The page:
noise ..noise..noise..

Hi AuGOners,
i am demoing a pair of mastersound 300B int amp with my avantgarde uno.i have no clue whats going on but when the volume is low or sound like rainning comming through my speakers.any one have any clue whats going on?
Sounds like power outlet,tubes or transformer noise by your description.Then again you might be hearing the difference in the preamp section's gain output relative to the amplifier's input sensitivity of the integrate.

In layman terms it's like having a preamp with too much gain for the amplifier.You get that background hiss in the music.With the volume turned all the way down it is very noticeable.
try turning your amp power down slightly to compensate for the higher input power and if that doesn't work try disconnecting your cable for your tv because if your ground in your home is bad your system will ground itself through the cable. I had this same issue and both of these solutions worked well for me
I hope they help you Greg
Maybe the amps just have a little too much noise for your very efficient speaker system.
With speakers like that, you need a very quiet amplifier.
With most other speakers, the noise might be buried and you wouldn't hear it.
thanks guy. i try using it as a direct amp with the pre-amp-no change... try it as an int amp-no change..i try disconnect all interconnect-no change.

TWL. this am supposely 11W/chanel and it should work fine with the uno,cuz i used a 22w int with my uno and it is dead quiet.
The watts have nothing to do with how quiet an amplfier is.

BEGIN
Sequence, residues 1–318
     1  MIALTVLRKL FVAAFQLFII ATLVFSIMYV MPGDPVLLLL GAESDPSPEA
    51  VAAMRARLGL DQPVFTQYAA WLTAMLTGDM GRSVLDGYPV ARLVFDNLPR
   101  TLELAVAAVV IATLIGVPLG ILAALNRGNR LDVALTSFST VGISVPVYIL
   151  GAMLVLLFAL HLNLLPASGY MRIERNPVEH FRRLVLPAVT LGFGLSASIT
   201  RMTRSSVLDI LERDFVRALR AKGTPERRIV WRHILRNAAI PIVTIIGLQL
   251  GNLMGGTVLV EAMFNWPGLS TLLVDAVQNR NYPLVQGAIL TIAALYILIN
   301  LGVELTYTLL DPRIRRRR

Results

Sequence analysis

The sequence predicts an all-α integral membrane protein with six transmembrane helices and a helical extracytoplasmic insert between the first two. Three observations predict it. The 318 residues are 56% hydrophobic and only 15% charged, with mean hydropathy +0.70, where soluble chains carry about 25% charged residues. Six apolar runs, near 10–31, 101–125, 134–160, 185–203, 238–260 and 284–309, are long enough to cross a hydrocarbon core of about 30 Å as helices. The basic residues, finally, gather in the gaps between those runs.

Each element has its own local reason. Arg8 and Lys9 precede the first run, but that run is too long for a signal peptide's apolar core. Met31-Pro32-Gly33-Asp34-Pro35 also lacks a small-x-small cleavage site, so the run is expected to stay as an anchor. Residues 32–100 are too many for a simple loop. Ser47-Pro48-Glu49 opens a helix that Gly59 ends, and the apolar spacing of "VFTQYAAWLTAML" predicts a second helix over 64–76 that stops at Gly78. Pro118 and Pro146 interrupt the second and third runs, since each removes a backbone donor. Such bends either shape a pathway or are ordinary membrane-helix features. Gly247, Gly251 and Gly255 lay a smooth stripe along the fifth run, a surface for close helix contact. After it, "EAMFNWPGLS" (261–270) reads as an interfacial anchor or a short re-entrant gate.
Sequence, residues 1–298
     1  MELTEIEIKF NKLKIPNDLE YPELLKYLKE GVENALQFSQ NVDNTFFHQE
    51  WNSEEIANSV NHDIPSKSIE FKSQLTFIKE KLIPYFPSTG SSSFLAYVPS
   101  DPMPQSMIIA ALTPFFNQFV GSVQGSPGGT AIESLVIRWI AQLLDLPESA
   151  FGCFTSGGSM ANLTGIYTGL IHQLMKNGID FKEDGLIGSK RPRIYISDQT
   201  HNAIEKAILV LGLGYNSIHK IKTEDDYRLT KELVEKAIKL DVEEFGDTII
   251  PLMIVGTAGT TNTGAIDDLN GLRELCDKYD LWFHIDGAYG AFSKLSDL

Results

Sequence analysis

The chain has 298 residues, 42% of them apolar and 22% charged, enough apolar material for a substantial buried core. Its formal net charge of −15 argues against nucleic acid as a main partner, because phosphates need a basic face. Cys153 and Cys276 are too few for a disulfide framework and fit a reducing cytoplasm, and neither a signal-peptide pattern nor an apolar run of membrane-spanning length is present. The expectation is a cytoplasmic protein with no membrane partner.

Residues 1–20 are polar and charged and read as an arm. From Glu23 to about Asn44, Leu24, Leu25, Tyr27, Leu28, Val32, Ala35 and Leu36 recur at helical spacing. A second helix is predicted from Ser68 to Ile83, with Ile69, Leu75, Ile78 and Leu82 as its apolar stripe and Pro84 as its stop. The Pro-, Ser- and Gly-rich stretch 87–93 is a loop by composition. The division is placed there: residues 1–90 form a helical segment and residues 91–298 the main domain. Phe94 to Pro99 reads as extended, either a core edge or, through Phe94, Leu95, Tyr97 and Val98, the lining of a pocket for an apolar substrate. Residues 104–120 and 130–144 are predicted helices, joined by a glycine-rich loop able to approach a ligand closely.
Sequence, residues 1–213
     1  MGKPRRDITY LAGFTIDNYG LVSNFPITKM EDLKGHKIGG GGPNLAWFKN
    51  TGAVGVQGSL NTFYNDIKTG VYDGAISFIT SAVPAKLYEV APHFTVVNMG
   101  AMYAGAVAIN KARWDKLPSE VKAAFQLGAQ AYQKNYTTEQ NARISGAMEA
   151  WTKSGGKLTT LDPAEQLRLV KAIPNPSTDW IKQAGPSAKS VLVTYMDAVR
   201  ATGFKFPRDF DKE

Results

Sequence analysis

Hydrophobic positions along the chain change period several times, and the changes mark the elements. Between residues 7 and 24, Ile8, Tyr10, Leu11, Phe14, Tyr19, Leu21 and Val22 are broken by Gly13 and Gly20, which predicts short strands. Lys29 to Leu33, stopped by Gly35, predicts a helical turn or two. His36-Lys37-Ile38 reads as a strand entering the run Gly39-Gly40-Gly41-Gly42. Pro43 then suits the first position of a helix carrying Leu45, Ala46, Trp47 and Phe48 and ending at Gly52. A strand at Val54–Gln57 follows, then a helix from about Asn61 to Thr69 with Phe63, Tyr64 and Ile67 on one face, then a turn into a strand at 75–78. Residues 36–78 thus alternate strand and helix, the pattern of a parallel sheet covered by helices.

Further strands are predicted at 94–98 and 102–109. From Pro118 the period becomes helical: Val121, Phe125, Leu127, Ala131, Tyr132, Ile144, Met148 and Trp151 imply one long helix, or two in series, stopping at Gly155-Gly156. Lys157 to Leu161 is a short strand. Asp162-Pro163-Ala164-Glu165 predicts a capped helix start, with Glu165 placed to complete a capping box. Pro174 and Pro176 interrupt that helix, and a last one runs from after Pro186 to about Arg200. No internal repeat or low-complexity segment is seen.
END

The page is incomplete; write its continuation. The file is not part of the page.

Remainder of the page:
Some are just noisy no matter what you do.Especially on highly sensitive speakers like yours. I would really consider a battery based amplifier for that type of speaker.
It just doesn't get much quieter than a battery based power supply.
this is to adress the statement that Gmood1 posted wattage of an amplifier does not directly affect how quiet an amplifier is but common sense tells you that if there is a slight noise (hum, buzz, ect.) at lower volume levels that when you increase the signal strength (ie. crank the volume) the signal(that buzz, hum) increases in volume. And to further elaborate on his posting amps usually are not noisy unless they are hooked up improperly, are hooked up with subpar cables and interconnects, or there are wiring issues with your place of establishment (as I stated before possibly a bad ground) A battery power source would be a way to isolate the system but there are more effective ways to do this like an A/C line conditioner. One can be picked up relatively inexpensively. I hope you get the buzz out of your system Greg
FWIW TWL and Gmood1's comments seem to be nearly on point....

However I cannot tell exactly what you is doing with this integrated unit when you say "I try using it as a direct amp.....try it as an int amp"..... Could you elaborate for me. Are you saying that you disconnected the amp section from the preamp section and drove the amp section with a source that had its own volume control?